Several of the reviewers noted the simplicity of the Parrett’s writing and in a general sense it is visibly so, but for me it seems an empty simplicity when I compare it with one of my favourite short novels, I heard the owl call my name by Margaret Craven, also a first novel.

The Craven novel made such an impression that on my first visit to Vancouver I made quite an effort to seek out the impressive collection of totems on display at the University site there, and then last year when visiting the First Nations Museum in Ottawa was overwhelmed to find a reconstruction of the living quarters of the Kwakiutl people. I felt I knew each one of Craven’s characters intimately as I read and they have stayed with me now for many years. I must read the book again. By coincidence it was returned to me last week from a loan to a friend. http://www.goodreads.com/author/quotes/709.Margaret_Craven provides some quotes from the book which made New York Times best seller lists in 1973. The author died in 1980 in her seventies.

Editing, writing, critiquing, reading

Day 39 (June 22)

Editing: Moving through the chapters slowly, experiencing the same hiccoughs as previously, but generally satisfied with progress.

Writing:

Short story: In the context of the Locked collection of stories I envisage, the first one is taking shape out of an amorphous conglomerate of ideas. About the experience of a young woman, about a first pregnancy, the story will mirror the inevitable expedition resulting from the unique genetic permutations that take her budding embryo through to the outside world. With a husband absent in a war-torn zone, she immerses herself, not just physically, but more and more emotionally and philosophically into the event. The question is: Can I do the ideas justice?

Another novel: Last year when I was travelling alone in Canada I filled some of the empty time spaces between viewing the landscape and being an inevitable eavesdropper on surrounding conversations during a couple of long train journeys, by jotting notes for a story that was hankering to be told. In odd moments this week (almost a year later) I’ve been typing up those handwritten scrawls and fleshing out the tale of an expat who was trying to escape memories of the violence of Northern Ireland in rural Australia. Not sure how it will go, but it seems that just when she was reaching longer spells of peace, a thoughtless prank by a youngster at her workplace revived the memories. But it also directs her energies in another direction.

Critiquing: Next Writers Group meeting is in sight so the chapters are dropping in by email clamouring for comments. I’ll make a start over the weekend, first with the ongoing fictionalised biography of Maggie Gard, an aspiring Australian soprano as she explores the mysteries of her teacher’s French castle in the gaps between lessons. The teacher, Emma Calve is most famous for her role in Carmen.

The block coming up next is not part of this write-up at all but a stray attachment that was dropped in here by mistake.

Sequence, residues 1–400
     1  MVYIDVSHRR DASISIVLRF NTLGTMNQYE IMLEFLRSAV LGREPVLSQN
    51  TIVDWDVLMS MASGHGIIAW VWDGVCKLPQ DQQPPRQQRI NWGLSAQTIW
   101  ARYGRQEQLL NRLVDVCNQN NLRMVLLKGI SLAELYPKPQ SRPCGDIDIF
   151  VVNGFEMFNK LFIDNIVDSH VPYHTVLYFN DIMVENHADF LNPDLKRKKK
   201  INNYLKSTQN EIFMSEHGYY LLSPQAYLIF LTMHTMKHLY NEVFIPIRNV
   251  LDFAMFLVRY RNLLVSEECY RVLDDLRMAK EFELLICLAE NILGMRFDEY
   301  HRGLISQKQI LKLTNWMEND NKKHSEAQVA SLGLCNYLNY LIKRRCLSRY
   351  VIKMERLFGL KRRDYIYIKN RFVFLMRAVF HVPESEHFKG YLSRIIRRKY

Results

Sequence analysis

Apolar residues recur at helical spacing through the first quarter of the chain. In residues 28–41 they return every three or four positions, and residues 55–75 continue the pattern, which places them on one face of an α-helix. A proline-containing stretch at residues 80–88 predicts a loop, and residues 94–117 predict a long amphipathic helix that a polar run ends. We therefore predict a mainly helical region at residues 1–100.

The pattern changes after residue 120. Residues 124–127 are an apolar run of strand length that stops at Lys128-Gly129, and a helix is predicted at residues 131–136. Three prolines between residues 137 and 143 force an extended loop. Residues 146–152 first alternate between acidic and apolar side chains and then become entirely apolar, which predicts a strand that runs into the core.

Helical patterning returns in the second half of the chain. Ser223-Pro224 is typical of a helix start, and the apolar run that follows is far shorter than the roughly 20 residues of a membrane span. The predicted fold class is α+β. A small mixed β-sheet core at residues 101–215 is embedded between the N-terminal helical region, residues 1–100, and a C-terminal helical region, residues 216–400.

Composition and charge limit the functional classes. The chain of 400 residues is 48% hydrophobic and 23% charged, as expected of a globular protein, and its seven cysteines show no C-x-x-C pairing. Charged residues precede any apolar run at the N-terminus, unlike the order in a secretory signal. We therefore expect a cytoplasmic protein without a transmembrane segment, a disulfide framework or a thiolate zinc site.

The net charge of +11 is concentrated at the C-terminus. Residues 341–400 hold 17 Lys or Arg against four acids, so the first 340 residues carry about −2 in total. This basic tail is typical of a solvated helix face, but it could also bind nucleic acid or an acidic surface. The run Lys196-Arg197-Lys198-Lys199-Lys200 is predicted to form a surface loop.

I’ll submit part of a late chapter from my own Present hope novel. That section won’t be in my editing sights for quite a few weeks. It’s a challenging multi-person conversation, so input will be most helpful for when I get to that stage.

Helpful sources

Reading: I’m spoilt for choice at the moment. Will finish the Atkinson yarn tonight – am totally devoid of predictions about the twists, there will be a few more to come for sure. My shelf dedicated to library books is full and I’ve a few favourites from my own collection set aside for re-reading sometime.

And now I have another choice: Wanted women: faith, lies and the war on terror: the lives of Ayaan Hirsi Ali and Aafia Siddiqui by Deborah Scroggins. What a wonderful coincidence that the author’s name beamed out from a library trolley of new acquisitions just as I was leaving today. I can’t be absolutely sure of the details after a gap of five or six years of thinking about my saga novels and following many lines of research, but I know that Deborah Scroggins had a role in how my story developed after I read her book Emma’s war. It is located in large part in South Sudan and tells the unique story of Emma McClune and her marriage to a local warlord. Some scraps in the book that referred to the work of Medecins Sans Frontier at that time led me on a much wider search, and later on, snippets of the experiences of women like Ayaan Hirsi Ali within Holland, found their way into my story as well. Now I know which will be my first read of choice after Atkinson is done.

Weekend: Won’t be able to turn a blind eye to the housework screaming out for attention.

Good editing day and a great book to read

Days 37-38 (June 20-21)

Re family and friendship saga – Book Two with working title Present hope

Editing: Yesterday I managed to toil through Chapters 4 and 5 (set in the early 1990s) that explored some of the disconnections between Freya’s and Reg’s work situations, and their attitudes to wealth. Reg is optimistic that they will sort out their differences; Freya is not so sure.

There were a lot of changes to make, mostly of the minor variety regarding sentence structure and placement, and dialogue, but it seemed to take forever to be sure that all grammatical anomalies created by those changes are eliminated. A bit disappointing to realise it is going to take much longer than anticipated to get through this book. I started out with false optimism.